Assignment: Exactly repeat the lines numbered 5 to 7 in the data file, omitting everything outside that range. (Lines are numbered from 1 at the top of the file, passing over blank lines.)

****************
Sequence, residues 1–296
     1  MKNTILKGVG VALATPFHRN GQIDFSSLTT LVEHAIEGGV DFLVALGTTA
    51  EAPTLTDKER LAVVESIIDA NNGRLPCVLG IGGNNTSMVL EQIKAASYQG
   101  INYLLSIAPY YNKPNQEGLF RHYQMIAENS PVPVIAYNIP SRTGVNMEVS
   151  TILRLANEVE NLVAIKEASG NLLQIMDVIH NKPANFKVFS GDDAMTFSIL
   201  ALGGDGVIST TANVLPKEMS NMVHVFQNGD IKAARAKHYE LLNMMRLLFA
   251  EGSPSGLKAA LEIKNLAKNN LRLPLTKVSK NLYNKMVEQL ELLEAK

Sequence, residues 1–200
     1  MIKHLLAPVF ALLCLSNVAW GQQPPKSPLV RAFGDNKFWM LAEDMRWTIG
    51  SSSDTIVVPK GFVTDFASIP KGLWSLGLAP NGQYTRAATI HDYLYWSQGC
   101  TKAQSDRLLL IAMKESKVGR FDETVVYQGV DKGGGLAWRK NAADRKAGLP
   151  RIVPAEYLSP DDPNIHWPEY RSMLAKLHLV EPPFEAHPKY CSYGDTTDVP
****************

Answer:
   151  TILRLANEVE NLVAIKEASG NLLQIMDVIH NKPANFKVFS GDDAMTFSIL
   201  ALGGDGVIST TANVLPKEMS NMVHVFQNGD IKAARAKHYE LLNMMRLLFA
   251  EGSPSGLKAA LEIKNLAKNN LRLPLTKVSK NLYNKMVEQL ELLEAK